• RIGHT JOIN with the joinRight(table, condition, [columns]) method.

    Right outer join is the complement of left outer join. All rows from the right operand table are included, matching rows from the left operand table included, and the columns from the left operand table are filled with NULLs if no row exists matching the right table.

    Some RDBMS brands don't support this join type, but in general any right join can be represented as a left join by reversing the order of the tables.

  • FULL JOIN with the joinFull(table, condition, [columns]) method.

    A full outer join is like combining a left outer join and a right outer join. All rows from both tables are included, paired with each other on the same row of the result set if they satisfy the join condition, and otherwise paired with NULLs in place of columns from the other table.

    Some RDBMS brands don't support this join type.

  • CROSS JOIN with the joinCross(table, [columns]) method.

    A cross join is a Cartesian product. Every row in the first table is matched to every row in the second table. Therefore the number of rows in the result set is equal to the product of the number of rows in each table. You can filter the result set using conditions in a WHERE clause; in this way a cross join is similar to the old SQL-89 join syntax.

    The joinCross() method has no parameter to specify the join condition. Some RDBMS brands don't support this join type.

  • NATURAL JOIN with the joinNatural(table, [columns]) method.

    A natural join compares any column(s) that appear with the same name in both tables. The comparison is equality of all the column(s); comparing the columns using inequality is not a natural join. Only natural inner joins are supported by this API, even though SQL permits natural outer joins as well.

    The joinNatural() method has no parameter to specify the join condition.

Adding a WHERE Clause

You can specify criteria for restricting rows of the result set using the where() method. The first argument of this method is a SQL expression, and this expression is used in a SQL WHERE clause in the query.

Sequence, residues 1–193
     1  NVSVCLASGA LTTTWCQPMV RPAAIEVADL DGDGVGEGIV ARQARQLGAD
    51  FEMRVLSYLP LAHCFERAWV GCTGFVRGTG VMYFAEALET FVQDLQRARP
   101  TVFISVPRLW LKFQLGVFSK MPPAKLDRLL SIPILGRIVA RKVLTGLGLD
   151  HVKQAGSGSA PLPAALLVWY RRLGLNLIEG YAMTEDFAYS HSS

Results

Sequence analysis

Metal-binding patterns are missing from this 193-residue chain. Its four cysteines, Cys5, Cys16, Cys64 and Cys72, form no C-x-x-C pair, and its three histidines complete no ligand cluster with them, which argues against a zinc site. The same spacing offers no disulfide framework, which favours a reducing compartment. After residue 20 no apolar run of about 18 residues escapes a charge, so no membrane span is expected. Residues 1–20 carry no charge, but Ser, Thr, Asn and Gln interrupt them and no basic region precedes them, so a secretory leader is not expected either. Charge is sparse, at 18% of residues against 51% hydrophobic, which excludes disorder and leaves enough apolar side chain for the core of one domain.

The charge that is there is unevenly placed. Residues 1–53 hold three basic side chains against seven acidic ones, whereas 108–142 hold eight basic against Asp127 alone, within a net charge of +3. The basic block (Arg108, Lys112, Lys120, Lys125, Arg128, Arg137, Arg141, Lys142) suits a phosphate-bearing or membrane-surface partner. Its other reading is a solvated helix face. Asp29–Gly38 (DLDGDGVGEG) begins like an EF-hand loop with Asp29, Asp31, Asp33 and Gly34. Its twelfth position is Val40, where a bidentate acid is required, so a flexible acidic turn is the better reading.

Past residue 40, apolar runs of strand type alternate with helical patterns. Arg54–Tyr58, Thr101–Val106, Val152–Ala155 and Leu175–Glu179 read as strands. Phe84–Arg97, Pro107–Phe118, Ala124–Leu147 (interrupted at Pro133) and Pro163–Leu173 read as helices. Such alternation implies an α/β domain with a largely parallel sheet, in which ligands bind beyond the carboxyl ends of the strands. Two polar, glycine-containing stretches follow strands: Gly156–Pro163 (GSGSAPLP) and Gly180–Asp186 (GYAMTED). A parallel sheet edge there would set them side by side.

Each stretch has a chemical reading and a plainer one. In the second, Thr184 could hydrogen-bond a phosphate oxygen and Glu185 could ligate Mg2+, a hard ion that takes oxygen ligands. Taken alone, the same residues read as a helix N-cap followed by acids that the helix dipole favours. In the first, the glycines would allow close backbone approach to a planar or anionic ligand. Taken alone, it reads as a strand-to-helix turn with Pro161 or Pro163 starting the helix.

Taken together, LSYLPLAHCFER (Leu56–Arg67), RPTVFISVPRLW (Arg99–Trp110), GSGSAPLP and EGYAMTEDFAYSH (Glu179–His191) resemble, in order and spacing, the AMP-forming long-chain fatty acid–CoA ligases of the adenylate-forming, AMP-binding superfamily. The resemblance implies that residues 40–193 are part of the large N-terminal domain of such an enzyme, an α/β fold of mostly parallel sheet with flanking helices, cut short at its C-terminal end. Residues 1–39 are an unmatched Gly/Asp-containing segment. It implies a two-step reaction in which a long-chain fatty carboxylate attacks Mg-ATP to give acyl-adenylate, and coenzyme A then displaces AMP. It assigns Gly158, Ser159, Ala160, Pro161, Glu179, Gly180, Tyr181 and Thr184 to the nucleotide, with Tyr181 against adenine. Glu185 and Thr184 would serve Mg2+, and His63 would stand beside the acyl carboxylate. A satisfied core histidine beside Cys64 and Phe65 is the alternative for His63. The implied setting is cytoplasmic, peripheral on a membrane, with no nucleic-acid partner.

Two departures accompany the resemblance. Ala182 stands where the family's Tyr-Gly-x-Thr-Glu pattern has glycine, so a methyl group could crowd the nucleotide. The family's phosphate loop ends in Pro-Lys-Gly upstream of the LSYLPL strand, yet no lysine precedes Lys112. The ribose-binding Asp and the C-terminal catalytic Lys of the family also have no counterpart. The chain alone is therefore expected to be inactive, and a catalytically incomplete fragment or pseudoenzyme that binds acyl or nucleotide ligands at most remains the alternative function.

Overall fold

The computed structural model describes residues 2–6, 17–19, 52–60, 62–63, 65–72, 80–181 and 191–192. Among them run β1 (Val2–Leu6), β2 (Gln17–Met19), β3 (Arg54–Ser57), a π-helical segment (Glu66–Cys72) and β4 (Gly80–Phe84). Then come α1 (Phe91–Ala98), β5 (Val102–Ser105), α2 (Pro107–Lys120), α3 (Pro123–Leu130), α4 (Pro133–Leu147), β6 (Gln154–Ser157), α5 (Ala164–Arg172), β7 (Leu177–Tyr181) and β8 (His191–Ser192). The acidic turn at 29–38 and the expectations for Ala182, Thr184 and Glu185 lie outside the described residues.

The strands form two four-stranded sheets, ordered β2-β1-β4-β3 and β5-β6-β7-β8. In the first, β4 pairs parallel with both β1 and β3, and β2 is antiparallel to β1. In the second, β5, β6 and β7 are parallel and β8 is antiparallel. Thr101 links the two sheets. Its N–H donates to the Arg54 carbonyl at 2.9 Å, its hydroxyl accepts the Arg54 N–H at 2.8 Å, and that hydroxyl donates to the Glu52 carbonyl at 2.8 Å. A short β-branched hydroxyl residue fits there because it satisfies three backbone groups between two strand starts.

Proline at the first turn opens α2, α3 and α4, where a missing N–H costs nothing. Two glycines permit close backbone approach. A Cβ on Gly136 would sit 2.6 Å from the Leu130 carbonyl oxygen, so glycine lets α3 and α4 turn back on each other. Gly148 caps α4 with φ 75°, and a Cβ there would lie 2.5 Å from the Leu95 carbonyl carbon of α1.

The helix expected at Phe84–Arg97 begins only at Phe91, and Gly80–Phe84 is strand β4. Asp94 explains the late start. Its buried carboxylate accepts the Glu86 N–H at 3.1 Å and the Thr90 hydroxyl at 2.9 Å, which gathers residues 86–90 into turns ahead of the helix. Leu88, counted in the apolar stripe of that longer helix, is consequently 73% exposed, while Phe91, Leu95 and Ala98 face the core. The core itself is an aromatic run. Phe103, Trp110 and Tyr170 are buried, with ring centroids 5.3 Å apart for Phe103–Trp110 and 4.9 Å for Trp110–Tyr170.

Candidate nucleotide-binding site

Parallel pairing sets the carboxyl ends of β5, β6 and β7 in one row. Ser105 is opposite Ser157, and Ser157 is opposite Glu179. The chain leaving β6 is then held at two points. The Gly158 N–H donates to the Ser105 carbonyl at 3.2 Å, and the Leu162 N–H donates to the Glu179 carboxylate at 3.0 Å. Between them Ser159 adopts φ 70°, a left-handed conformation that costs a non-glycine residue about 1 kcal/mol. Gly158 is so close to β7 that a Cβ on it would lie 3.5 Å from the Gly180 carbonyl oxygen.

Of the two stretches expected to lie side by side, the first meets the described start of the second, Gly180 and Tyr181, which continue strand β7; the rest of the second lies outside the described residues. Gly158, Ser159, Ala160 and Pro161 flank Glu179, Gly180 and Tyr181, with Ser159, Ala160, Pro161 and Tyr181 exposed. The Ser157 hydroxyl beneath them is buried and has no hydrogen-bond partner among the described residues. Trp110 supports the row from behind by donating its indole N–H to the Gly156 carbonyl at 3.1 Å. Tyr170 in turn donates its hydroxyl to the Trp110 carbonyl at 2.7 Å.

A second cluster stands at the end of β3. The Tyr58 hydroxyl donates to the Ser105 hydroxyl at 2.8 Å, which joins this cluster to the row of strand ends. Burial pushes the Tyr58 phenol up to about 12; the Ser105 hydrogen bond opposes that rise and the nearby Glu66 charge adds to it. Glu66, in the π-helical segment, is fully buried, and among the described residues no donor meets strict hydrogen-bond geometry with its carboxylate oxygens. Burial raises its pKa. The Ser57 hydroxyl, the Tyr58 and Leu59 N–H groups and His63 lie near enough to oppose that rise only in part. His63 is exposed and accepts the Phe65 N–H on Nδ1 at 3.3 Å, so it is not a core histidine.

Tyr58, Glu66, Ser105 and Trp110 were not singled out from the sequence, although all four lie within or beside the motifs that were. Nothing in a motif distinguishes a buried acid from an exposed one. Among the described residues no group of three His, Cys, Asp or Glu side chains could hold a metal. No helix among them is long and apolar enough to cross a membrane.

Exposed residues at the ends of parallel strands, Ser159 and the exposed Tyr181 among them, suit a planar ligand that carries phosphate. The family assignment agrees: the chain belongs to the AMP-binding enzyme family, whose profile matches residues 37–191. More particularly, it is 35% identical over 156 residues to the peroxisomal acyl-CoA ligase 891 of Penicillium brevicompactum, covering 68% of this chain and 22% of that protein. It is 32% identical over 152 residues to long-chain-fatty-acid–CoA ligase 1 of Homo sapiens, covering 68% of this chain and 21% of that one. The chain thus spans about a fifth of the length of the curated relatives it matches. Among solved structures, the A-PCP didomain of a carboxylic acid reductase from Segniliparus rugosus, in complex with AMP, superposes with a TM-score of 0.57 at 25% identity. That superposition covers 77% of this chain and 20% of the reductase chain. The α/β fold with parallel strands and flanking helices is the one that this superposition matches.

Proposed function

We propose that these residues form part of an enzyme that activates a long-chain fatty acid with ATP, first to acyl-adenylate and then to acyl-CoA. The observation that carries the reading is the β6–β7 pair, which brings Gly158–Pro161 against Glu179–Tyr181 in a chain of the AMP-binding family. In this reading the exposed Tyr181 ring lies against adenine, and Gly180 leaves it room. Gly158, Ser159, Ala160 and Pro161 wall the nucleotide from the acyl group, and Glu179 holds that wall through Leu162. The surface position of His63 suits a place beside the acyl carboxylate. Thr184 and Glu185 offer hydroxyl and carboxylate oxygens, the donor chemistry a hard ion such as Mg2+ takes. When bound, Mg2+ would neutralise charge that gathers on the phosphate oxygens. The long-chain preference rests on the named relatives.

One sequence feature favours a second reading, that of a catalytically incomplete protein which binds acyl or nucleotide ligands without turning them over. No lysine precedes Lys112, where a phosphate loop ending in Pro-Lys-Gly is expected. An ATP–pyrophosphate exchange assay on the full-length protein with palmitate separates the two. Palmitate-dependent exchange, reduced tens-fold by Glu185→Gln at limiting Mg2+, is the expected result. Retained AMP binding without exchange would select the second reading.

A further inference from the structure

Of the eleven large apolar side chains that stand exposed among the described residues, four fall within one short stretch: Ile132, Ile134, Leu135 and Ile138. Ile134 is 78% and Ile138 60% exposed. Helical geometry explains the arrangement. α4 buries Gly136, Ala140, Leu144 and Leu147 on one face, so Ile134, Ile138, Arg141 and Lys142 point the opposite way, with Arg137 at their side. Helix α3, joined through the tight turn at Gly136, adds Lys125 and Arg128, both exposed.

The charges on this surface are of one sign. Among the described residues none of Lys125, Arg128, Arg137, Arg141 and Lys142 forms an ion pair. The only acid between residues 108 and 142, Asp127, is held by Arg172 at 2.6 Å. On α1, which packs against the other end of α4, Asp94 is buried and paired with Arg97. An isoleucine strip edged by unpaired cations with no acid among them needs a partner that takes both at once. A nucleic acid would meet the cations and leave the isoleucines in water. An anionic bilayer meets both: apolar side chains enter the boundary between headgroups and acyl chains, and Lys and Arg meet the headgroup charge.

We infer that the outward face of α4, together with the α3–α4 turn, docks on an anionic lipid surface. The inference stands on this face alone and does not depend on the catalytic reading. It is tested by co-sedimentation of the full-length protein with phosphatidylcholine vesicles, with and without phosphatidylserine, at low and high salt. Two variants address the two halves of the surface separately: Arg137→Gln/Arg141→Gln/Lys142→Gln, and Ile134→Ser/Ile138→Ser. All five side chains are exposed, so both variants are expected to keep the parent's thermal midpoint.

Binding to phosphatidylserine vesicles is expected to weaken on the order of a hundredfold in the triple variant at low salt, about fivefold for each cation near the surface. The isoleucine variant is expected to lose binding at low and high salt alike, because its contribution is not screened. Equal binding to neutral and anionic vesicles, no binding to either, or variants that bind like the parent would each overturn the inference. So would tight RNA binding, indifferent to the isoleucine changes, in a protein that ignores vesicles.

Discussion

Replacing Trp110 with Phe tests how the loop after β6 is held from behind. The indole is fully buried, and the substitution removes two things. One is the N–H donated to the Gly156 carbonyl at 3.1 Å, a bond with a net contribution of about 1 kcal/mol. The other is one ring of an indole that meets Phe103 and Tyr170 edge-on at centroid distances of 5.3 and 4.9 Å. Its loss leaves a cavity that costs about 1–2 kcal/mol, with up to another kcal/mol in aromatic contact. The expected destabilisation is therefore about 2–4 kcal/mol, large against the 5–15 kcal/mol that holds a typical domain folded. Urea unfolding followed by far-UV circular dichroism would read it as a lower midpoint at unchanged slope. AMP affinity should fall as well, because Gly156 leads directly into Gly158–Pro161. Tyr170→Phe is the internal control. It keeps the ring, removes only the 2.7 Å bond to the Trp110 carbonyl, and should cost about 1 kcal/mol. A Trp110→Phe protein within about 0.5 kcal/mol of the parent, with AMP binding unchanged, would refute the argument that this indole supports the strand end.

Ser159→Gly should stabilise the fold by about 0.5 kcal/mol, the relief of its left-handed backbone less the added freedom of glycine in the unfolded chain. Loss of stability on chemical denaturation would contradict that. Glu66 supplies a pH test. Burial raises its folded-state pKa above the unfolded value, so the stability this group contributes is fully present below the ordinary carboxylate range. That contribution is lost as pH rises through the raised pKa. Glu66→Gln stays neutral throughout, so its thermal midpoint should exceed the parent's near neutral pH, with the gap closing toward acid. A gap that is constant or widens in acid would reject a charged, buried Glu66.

Example #13 Example of the where() method

 100.00

$select = $db->select()
    ->from(
        'products',
        array('product_id', 'product_name', 'price'))
    ->where('price > 100.00');

Note:

No quoting is applied to expressions given to the where() or orWhere() methods. If you have column names that need to be quoted, you must use quoteIdentifier() as you form the string for the condition.

The second argument to the where() method is optional. It is a value to substitute into the expression. Zend_Db_Select quotes the value and substitutes it for a question-mark ("?") symbol in the expression.

This method accepts only one parameter. If you have an expression into which you need to substitute multiple variables, you must format the string manually, interpolating variables and performing quoting yourself.

Example #14 Example of a parameter in the where() method

 100.00)

$minimumPrice = 100;

$select = $db->select()
    ->from(
        'products',
        array('product_id', 'product_name', 'price'))
    ->where('price > ?', $minimumPrice);

You can invoke the where() method multiple times on the same Zend_Db_Select object. The resulting query combines the multiple terms together using AND between them.

Example #15 Example of multiple where() methods

 100.00)
//     AND (price < 500.00)

$minimumPrice = 100;
$maximumPrice = 500;

$select = $db->select()
    ->from('products',
        array('product_id', 'product_name', 'price'))
    ->where('price > ?', $minimumPrice)
    ->where('price < ?', $maximumPrice);

If you need to combine terms together using OR, use the orWhere() method. This method is used in the same way as the where() method, except that the term specified is preceded by OR, instead of AND.